"Isn't something that keys yeah exactly so k rubbed on robbie's twenty as a kid already what oh how old are union i kid old very old was i have my kids are pretty young considering how old i don't remember but it was well over twenty eight that's when i got married at twenty eight yeah i didn't well different time then right you got married at twenty eight yeah get married a twenty eight year who i know him why me oh i i'm not wanted to give advice but i got very lucky terms of my wife is the best guys put up with each other pretty well i she's great she's perfect i mean there's nothing i'm the one that's a bit on the difficult are you romantic i try to be yes but i'm moody occasionally and into then and my wife is the fairest she and michael hers willie if we have an argument i know in my head that that even if i debate for a while they usually right i mean very seldom are they wrong and i go of my my wife is a great source of wisdom and decision making and like when i wanted to be naked she did say no but i usually i don't cross her well she didn't come around in fact she still has a couple retired from being commissioner and now she she's one of the producers volume to return to return to nukem i why will is you say to people who like for instance some of my fans whatever new fans knew people the you want to say hey this is why should see the movie how would you sell not not this movie but a lloyd kaufman movie a trauma movie if you're looking for what how would you sell it.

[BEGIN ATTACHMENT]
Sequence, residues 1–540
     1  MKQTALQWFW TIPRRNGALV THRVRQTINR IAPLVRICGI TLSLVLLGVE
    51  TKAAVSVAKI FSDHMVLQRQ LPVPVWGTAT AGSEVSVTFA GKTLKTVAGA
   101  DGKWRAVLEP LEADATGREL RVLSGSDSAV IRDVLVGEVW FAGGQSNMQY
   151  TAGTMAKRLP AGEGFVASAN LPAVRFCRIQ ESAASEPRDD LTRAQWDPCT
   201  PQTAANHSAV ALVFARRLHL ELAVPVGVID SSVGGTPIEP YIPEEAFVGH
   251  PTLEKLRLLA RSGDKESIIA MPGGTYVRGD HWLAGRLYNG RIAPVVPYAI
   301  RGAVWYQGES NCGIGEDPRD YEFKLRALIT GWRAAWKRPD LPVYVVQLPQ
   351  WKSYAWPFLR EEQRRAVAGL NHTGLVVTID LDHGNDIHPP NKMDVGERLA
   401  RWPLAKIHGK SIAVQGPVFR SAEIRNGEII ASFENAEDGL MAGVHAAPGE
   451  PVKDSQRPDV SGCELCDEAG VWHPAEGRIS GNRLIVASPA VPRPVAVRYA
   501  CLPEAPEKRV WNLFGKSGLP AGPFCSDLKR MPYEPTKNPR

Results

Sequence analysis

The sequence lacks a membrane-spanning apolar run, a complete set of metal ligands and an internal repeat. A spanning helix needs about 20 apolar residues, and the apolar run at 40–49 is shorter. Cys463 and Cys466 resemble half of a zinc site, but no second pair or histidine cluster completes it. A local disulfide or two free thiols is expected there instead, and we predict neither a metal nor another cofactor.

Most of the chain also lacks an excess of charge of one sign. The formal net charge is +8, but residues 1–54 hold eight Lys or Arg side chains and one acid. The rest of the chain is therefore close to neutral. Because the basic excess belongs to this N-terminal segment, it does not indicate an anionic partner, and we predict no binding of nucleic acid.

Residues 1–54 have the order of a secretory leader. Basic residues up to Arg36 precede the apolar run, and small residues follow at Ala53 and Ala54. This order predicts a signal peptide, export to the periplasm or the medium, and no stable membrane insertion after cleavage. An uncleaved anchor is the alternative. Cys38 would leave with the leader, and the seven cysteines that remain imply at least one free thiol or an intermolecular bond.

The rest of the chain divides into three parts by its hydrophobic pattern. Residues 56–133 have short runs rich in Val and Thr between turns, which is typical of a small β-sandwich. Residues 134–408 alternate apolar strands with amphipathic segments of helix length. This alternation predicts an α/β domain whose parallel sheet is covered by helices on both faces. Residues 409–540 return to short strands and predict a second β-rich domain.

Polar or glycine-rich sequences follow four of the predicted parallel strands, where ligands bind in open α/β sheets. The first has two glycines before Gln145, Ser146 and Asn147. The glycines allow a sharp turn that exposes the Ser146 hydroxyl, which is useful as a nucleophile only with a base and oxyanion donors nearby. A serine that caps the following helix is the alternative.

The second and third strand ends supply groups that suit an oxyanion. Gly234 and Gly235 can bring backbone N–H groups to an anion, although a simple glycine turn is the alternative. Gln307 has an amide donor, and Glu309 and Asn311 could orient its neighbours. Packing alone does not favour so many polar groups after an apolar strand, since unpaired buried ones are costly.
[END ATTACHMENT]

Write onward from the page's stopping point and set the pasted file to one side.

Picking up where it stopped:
"kaufman" Discussed on Inside of You with Michael Rosenbaum
"I think it's pretty lloyd kaufman as a legend well considering i'm living in a refrigerator carton under the route to four or five happy with that i think so salt by the way anyone bath salts are they said pretzels no baz alz assets eating those two ice go up where i live way up now will the crazy kids are eating the bounce yeah you don't wanna do that now you try to catch tranquilizer works for me have you done any drugs in your life yes many met major drugs i did and i did years ago lots of lsd lot of mescaline i never took cocaine or what's the other the black tar heroin but i'm reading a book now called dreamland which explains how thanks to good friends that the pharmaceutical industry we have a huge black tar heroin epidemic it's a book dreamland it's fascinates reema land dreamland is very well written it's a it's very when's the last time he did drugs what year yesterday but i mean pot pot is that a drug now i mean it's not real anymore yes it's legal everywhere everyone's doing it rob even smoke nasal joint out all rob disappoint true you don't smoke pot i don't i thought i knew you i don't if you didn't know what thank you so much lloyd kaufman for long to be inside of you today well thank you thank you so much mr rosenbaum for pay attention to us in the underground kaufman rosenbaum with jews were both from new york.